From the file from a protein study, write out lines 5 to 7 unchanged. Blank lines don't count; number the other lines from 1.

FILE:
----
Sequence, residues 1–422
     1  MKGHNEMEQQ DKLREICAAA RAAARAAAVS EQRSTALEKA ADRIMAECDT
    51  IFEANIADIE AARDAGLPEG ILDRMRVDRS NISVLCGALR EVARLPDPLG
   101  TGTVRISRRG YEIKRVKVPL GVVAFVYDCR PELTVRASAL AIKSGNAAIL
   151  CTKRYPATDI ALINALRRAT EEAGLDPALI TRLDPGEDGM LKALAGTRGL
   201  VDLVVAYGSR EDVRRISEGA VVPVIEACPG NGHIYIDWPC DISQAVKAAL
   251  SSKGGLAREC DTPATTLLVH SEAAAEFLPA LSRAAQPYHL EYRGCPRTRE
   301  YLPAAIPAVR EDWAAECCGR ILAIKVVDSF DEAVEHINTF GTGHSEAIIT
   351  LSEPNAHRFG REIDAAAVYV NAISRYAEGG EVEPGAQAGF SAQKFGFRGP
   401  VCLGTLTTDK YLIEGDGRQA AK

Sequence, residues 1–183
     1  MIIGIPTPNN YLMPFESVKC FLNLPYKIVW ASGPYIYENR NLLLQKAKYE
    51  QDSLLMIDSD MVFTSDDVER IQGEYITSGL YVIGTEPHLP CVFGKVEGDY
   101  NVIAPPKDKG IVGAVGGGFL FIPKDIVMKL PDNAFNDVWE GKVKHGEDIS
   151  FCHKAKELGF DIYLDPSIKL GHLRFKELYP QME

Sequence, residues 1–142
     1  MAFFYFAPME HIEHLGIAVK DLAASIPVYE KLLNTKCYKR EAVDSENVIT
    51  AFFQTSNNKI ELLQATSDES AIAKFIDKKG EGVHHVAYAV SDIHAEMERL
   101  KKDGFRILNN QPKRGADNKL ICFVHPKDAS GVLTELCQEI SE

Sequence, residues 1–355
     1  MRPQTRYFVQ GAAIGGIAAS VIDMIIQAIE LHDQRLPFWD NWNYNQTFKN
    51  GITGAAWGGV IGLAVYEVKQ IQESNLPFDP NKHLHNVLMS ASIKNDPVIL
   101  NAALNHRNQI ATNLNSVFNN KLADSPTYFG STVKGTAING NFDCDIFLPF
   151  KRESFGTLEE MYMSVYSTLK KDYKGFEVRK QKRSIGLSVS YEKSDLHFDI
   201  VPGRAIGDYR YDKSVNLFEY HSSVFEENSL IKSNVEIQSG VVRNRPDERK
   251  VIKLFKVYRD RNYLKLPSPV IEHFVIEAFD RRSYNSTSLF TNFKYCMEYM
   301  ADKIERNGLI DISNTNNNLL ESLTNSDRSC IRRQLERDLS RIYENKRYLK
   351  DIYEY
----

   151  CTKRYPATDI ALINALRRAT EEAGLDPALI TRLDPGEDGM LKALAGTRGL
   201  VDLVVAYGSR EDVRRISEGA VVPVIEACPG NGHIYIDWPC DISQAVKAAL
   251  SSKGGLAREC DTPATTLLVH SEAAAEFLPA LSRAAQPYHL EYRGCPRTRE